For the breakfast meeting I persuaded my colleagues to take their lead from a recent book produced by Pernille Ingildsen and Gustaf Olsson, called "Smart Utilities: Complexity Made Simple". Their excellent book uses a very simple but useful mnemonic to help us get our minds our the most important aspects of instrumentation and control in the water industry. Quite simply it is M.A.D.!
M is for Measure
Firstly, and perhaps most importantly we need to focus on the measurements. What do we need to measure (and where)? How do we measure it? And what confidence do we have in that measurement? It might seem simple to say we need to be measuring the right parameters in the right place but in my experience this is the place where we've fallen down over the years, particularly when it comes to measurements in the extremely fouling environment of wastewater. All too often people have taken standard environmental monitors for water, streams or rivers or - worse still - lab instruments, and plonked them into poop water hoping they'll work. Unfortunately wastewater is not forgiving. In the late 1980's and early 1990's my old boss Dr John Watts did some great work in looking at the need for good calibration and validation in order to trust your data. Unfortunately he didn't publish much internationally, but here is one paper on the topic. More recently Oliver Grievson in his review of activated sludge instrumentation to celebrate 100 years of AS gave a nod to John's work in producing an online respirometer (and I'm still waiting for someone to produce something nearly as good - maybe the ASP-CON?)
A is for Analyze
The focus of a lot of the buzz right now is on "smart analytics" and the ability of software developed in the Internet age to handle "big data." That's all pretty cool. I always joke about wastewater having a problem with "crap data" rather than big data, but assuming we can figure out the "M" of measure, then there are now plenty of sophisticated tools to help us manage and analyze our data. All the big guys in IT are getting into this space, including the now famous Watson at IBM and now Microsoft with their PowerBI (I need to find time to play with that sometime as it looks pretty cool).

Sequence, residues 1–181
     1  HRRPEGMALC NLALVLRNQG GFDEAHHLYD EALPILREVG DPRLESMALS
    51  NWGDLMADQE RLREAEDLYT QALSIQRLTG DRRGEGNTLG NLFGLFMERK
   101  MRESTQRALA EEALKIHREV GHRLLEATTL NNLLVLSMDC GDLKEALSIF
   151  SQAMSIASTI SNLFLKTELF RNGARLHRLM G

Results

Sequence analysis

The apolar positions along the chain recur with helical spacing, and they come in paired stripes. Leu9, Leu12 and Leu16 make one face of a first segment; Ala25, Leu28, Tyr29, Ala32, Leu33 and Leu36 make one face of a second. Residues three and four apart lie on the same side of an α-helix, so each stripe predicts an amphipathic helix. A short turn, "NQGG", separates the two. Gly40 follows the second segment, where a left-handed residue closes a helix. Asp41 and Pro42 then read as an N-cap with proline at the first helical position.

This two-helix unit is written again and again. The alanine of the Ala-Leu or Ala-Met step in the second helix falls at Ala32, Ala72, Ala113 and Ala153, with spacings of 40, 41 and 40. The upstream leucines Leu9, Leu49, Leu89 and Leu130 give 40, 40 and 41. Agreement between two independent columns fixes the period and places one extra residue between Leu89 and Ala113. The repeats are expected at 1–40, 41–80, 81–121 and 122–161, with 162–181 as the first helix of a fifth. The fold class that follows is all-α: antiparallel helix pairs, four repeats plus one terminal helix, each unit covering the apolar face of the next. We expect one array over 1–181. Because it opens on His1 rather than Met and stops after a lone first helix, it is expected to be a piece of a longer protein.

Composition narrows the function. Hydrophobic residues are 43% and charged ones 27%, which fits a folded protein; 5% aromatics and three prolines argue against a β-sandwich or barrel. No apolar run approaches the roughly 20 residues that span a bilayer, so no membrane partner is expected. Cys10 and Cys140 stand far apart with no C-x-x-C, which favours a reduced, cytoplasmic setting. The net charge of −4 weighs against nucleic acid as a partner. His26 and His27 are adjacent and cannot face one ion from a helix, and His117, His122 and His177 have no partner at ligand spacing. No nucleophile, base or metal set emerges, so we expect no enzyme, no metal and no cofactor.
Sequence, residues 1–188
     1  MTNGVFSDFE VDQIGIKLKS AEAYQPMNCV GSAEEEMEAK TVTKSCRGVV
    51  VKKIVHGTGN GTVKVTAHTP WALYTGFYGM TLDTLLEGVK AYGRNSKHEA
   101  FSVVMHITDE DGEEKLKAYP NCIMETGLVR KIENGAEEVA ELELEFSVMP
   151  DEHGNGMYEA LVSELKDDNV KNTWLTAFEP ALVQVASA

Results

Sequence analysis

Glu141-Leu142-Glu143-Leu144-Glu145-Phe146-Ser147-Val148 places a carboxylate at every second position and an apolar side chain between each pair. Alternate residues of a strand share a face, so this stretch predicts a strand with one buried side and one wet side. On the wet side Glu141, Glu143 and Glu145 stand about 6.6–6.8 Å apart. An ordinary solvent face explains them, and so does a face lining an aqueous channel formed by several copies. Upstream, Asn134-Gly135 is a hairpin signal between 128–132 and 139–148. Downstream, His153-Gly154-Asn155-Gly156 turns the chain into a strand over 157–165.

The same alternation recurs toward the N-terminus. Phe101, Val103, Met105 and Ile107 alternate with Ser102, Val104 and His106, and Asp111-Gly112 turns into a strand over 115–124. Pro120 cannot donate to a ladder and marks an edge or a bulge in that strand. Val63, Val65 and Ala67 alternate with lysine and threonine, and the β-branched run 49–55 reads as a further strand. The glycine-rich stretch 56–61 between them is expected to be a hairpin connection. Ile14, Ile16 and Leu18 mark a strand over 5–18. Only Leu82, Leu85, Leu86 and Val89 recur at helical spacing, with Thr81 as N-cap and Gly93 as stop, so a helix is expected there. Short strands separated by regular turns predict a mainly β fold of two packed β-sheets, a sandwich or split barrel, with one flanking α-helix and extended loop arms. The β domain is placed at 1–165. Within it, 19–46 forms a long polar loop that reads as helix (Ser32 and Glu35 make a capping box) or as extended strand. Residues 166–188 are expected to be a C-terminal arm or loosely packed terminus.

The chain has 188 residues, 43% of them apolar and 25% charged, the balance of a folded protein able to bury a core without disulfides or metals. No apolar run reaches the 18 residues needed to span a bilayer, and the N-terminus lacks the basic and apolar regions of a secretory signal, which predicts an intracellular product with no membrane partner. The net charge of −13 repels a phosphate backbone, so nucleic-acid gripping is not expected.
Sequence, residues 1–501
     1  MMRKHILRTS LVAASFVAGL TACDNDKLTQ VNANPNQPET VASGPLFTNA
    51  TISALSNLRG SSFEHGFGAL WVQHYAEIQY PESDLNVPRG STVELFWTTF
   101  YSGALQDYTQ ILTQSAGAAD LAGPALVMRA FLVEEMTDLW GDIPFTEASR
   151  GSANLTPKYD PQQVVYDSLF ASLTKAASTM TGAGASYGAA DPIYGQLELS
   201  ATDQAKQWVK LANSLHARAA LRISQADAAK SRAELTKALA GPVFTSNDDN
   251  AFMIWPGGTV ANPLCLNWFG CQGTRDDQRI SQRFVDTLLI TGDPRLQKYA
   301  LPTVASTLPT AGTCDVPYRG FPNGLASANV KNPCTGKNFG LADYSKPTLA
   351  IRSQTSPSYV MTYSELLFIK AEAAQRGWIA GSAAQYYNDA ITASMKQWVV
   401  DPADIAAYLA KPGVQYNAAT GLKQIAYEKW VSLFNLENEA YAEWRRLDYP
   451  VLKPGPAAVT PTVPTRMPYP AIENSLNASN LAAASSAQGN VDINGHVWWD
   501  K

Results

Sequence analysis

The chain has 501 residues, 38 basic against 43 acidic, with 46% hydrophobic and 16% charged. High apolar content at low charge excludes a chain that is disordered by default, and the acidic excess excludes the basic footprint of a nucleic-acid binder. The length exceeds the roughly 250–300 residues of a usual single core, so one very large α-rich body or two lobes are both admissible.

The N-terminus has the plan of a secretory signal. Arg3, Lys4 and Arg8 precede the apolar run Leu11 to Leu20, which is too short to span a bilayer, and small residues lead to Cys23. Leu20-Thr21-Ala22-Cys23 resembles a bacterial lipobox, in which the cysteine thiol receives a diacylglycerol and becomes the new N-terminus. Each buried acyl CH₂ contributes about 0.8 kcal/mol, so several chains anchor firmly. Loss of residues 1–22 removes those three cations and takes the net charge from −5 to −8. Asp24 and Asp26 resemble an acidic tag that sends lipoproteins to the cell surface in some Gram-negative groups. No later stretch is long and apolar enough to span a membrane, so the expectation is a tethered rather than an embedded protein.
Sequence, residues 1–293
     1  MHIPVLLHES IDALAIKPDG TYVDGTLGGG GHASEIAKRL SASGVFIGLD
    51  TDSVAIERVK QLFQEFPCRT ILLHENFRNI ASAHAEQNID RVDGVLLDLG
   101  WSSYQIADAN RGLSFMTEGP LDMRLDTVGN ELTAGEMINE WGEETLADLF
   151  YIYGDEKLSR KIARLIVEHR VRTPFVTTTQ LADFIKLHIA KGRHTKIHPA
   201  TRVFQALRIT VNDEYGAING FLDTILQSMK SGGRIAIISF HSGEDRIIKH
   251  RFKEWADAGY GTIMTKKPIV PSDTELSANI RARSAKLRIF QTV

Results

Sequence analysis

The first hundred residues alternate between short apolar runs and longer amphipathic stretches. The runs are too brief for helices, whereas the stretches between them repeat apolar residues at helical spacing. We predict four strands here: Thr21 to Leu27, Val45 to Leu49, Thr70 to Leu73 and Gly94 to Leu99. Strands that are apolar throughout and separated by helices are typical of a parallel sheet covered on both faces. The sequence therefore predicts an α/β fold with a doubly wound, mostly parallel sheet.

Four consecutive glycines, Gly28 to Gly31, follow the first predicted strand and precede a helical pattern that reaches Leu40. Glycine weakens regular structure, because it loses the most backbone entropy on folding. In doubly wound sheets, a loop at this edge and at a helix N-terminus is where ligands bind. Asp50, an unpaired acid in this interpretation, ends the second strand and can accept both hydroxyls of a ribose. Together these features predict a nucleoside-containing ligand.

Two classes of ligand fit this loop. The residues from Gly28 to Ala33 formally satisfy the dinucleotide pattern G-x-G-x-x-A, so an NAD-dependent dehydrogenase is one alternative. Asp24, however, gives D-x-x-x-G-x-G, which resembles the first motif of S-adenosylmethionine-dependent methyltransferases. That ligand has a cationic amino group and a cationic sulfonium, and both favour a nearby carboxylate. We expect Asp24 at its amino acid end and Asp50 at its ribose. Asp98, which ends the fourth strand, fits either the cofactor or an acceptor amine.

D is for Decide
OK, we have lovely measurements, producing pretty graphical representations of our big data... now what? This will be the fun part. Right now, most systems I've seen, leave the decide step to the operator or plant engineer. They have the expert knowledge which, coupled with insights from the advanced data analytics, are a powerful combination to help optimize a plant. The step beyond this is to add in automated control actions based on the input from the smart analytics. This is sort of like the jump to an autonomous vehicle which makes many people nervous but ultimately will give us the best performance overall.
I heartily recommend Pernille and Gustaf's book for anyone considering smart analytics. As an introduction to it, you might also read Pernille's blog, "Why are "Smart Water Utilities" not already here?"
So, if you want to be smart... get MAD!